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Economic bureaucracy and the South Korean developmental state
Linnaeus University, Faculty of Humanities and Social Sciences, School of Social Sciences. Linnaeus University, Faculty of Social Sciences, Department of Social Studies.
2013 (English)Independent thesis Basic level (degree of Bachelor), 10 credits / 15 HE creditsStudent thesis
Abstract [en]

South Korea underwent a period of high economic growth which propelled it from low to high income status in just a few decades. Instrumental in this process of rapid industrial transformation was the economic bureaucracy which formulated and implemented policies. This thesis details the role played by bureaucratic organizations in South Korea’s development and how they were able to formulate successful economic policies. In analyzing the economic bureaucracy in South Korea, a framework is used to determine its level of autonomy from special interests as well as the degree of public-private cooperation. The study finds that the high levels of corporate coherence and autonomy from special interests within the economic bureaucracy can partially be ascribed to the meticulously meritocratic recruitment and promotion process which was established prior to the first years of high economic growth. At a higher level of abstraction, the study concludes that South Korea benefited from having a strong imperative to develop its economy due to numerous external and domestic conditions. Although the level of applicability in other contexts is found to be limited, the emergence of a competent and relatively incorrupt bureaucracy remains one aspect which could possibly be reproduced elsewhere.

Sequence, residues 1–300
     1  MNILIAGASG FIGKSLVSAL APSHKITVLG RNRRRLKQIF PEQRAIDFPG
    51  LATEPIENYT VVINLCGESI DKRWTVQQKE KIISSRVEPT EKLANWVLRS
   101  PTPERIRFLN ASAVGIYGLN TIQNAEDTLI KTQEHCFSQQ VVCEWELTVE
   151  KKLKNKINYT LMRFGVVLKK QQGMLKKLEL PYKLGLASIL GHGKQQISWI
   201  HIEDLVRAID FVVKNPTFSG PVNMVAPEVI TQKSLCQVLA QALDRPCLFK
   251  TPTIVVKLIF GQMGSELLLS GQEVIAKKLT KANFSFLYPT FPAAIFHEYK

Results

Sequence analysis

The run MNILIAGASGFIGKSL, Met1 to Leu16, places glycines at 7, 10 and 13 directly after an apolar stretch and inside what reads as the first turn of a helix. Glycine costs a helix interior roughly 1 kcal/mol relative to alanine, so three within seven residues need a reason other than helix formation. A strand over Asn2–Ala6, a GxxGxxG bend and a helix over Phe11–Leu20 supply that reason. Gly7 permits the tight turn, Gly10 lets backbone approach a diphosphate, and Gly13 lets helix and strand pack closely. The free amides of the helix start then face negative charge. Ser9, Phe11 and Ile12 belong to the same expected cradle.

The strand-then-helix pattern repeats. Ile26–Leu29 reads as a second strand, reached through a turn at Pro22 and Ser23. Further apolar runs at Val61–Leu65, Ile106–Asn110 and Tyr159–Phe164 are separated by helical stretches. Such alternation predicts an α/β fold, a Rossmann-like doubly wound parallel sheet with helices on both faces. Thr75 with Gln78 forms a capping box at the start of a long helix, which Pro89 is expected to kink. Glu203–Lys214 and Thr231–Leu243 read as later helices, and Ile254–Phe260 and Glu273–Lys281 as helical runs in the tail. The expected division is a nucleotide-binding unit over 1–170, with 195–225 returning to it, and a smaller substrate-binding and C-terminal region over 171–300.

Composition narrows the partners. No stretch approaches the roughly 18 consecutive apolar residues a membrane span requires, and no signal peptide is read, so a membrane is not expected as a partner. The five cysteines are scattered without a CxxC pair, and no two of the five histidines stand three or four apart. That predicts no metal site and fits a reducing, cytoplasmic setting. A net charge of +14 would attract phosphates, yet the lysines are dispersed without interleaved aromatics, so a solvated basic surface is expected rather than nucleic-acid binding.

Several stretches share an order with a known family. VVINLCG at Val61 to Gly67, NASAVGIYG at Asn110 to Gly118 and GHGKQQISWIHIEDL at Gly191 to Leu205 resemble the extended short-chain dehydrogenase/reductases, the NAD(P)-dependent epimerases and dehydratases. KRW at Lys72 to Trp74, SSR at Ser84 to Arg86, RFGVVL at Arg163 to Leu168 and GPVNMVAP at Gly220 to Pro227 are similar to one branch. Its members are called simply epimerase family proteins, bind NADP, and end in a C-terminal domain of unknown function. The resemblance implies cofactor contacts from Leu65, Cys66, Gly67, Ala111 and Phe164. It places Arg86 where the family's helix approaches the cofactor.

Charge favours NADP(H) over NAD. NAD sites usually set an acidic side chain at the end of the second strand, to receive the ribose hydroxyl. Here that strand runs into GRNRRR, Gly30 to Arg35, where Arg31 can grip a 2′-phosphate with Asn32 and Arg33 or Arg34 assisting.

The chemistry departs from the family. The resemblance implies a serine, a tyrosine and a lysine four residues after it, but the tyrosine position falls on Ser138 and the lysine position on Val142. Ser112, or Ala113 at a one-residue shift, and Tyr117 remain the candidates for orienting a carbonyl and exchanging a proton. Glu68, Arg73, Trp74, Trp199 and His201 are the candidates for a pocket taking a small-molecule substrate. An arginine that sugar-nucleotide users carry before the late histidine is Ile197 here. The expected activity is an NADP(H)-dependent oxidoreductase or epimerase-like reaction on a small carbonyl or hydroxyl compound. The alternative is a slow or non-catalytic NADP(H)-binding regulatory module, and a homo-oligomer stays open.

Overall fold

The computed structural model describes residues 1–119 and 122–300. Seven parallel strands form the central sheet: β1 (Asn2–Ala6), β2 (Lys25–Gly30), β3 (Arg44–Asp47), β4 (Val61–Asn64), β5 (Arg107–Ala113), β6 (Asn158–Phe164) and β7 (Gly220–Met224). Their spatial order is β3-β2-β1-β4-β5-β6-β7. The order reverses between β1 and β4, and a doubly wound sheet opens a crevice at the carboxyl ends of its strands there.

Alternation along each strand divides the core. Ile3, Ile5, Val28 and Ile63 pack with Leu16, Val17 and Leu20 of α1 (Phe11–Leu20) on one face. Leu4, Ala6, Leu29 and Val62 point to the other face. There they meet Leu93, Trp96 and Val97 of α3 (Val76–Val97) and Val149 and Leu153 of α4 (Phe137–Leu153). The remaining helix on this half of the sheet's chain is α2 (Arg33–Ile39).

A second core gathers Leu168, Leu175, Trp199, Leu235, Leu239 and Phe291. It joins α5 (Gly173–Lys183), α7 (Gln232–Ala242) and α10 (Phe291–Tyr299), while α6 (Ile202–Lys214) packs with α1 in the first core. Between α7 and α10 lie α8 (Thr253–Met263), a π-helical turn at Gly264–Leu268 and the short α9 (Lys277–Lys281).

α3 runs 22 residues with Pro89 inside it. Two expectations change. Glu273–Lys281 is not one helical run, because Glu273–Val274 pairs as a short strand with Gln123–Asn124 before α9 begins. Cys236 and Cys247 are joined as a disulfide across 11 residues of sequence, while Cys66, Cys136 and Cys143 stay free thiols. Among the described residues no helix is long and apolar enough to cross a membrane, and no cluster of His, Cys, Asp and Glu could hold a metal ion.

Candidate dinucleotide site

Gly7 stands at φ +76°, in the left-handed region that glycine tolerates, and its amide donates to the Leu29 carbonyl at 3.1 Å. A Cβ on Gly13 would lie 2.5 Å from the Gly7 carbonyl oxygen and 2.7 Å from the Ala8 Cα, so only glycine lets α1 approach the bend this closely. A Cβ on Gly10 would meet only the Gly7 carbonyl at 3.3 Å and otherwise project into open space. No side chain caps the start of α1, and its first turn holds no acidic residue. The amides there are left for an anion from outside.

Place, publisher, year, edition, pages
2013. , 38 p.
Keyword [en]
economic development, bureaucratic institutions, developmental state, South Korea, East Asian miracle economies
National Category
Other Social Sciences not elsewhere specified
URN: urn:nbn:se:lnu:diva-23814OAI: diva2:601204
Subject / course
Peace and development
Educational program
International Social Sciences Programme, specialization Global Studies, 180 credits
Social and Behavioural Science, Law
Available from: 2013-04-16 Created: 2013-01-28 Last updated: 2013-04-16Bibliographically approved

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